In May 2021, Moosvi co-launched a Slack channel to discuss ungrading: it started with five people; today there are 107 faculty, staff and grad students from UBC sharing ideas around this concept. He also recently co-hosted a seminar on alternative grading practices.
Oliver, who last week posted links to the final portfolios of some of her students, says she has been inundated by questions from curious teachers.
“(Ungrading is) absolutely a movement,” says Moosvi, who acknowledges that practitioners might still be constrained by institutional policies. “You’re trying to dismantle the structures that you are in and that’s very difficult work to do. But I think the key focus that even if you can’t do ungrading, let’s say you can’t because of logistical reasons, the thing that I think is still salvageable from this is the focus on the learner and the pedagogy of feedback.”
The concept can be a tough sell to administrators, parents and students, both high achievers and the unmotivated who feel more comfortable with a structured approach. And while ungrading can be applied to any type of subject, says Moosvi, the jury is still out on whether it can be applied to any kind of learner. Young children probably don’t have the maturity to self-evaluate, says Moosvi, who also found that some of his neurodivergent students struggled without set deadlines.
“So we have to do this ungrading in a way where there’s enough check points that you are meeting with these students and they don’t fall through the cracks.”
When Oliver introduced the concept at the start of term, she said her students were shocked: “They didn’t embrace it at first because they were scared … We’ve so conditioned them in the system that they couldn’t even comprehend what that meant.”
Oliver had her students begin by studying the provincial curriculum guidelines. Previously, students would do a unit and be done with it. This year, they could revisit concepts until they were satisfied they’d mastered them. Along the way, they built their portfolios to showcase their best work and demonstrate they had met expectations.
“Low risk allowed me to try new and different things,” Benjamin Helleman, 18, wrote in his course reflection. “I never would have tried these things before because I was always worried about my final grade. But here I knew that it was okay to take chances. It was okay not to be perfect the first time.”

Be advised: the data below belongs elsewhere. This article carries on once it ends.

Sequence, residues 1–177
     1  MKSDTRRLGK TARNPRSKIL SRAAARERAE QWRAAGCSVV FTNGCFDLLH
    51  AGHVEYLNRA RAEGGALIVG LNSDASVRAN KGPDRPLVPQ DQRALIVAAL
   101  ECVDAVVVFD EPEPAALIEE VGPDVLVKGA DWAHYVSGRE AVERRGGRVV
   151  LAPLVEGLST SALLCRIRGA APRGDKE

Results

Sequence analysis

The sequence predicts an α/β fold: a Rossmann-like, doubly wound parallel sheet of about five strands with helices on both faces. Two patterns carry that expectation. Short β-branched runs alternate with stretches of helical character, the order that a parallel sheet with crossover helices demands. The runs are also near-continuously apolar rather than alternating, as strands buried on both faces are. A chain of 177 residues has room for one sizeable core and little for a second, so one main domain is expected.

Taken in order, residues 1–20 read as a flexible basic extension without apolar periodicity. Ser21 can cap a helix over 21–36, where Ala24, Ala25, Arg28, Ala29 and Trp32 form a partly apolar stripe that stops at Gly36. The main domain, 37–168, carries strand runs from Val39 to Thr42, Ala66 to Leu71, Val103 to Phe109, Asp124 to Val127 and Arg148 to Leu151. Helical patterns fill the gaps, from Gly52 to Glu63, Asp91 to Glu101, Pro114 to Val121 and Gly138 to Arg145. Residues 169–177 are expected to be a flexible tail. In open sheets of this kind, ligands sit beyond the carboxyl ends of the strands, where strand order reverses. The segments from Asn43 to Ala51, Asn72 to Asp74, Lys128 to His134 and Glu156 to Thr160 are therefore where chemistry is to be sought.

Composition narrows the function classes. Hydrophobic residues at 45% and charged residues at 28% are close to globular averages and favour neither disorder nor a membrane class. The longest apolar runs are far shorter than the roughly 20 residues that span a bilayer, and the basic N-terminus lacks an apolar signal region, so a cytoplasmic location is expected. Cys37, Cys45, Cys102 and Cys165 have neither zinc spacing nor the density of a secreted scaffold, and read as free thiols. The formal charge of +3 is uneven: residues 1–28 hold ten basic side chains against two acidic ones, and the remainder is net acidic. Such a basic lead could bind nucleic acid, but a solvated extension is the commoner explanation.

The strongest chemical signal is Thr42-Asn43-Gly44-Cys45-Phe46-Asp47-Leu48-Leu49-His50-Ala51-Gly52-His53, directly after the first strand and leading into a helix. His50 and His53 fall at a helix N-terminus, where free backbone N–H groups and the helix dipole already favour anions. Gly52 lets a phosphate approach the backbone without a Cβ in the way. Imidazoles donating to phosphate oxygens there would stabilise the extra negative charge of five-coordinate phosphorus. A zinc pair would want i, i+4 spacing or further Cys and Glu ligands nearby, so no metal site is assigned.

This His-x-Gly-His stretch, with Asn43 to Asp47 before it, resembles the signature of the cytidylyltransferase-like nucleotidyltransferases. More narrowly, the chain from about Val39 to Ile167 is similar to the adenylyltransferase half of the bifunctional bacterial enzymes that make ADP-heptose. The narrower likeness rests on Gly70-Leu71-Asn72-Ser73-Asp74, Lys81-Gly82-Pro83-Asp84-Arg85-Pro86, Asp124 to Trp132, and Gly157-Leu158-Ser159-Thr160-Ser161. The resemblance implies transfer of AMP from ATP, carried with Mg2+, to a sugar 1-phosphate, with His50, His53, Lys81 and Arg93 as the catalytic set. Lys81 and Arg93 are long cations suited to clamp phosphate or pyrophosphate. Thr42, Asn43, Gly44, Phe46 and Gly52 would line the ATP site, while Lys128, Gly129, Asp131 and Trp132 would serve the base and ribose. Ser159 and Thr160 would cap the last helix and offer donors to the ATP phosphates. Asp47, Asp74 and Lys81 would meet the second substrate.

Oliver reads the letter in awe before speaking: “I would argue that (Ben’s) well-prepared … He is thinking critically. He’s thinking deeply. He’s exploring. He’s asking questions. He’s pursuing interests because he has taken ownership of his learning rather than looking to me for the direction and the validation of what he’s doing. And so, that’s going to serve him moving forward.”
Charles Pascal, professor emeritus at the Ontario Institute for Studies in Education at the University of Toronto, praises Oliver for enabling her students to learn in “creative ways.”
“We’ve been talking about lifelong learning forever. And yet we do precious little innovating about how to make sure that our students are excited, confident, lifelong learners,” he says.
For its part, the Ministry of Education says its primary aim is to get students back on track.
“Our number one objective is making sure students catch up both in terms of their learning as well as their physical and mental health,” says Grace Lee, spokesperson for the Ministry of Education, noting the government has invested more than $683 million on learning recovery from two years of disruptions. “That starts with them being back in the classroom, on time, with the full school experience that includes extracurricular activities. We are committed to ensuring our students succeed in and outside of the classrooms with the confidence, tools and skills they need to graduate, and that means getting back to the basics.”
Pascal, who introduced his own form of ungrading while teaching at McGill 50 years ago, is critical of the emphasis on a back-to-basics philosophy at the expense of creative problem solving. “If the ungrading movement is to flourish in a big way, it’s going to require a change to Ontario’s education ethos that wants to foster innovation and input from diverse experts and educators.”
Janet Hurley is a Toronto-based staff reporter for the Star covering culture, education and societal trends. Reach her via email: firstname.lastname@example.org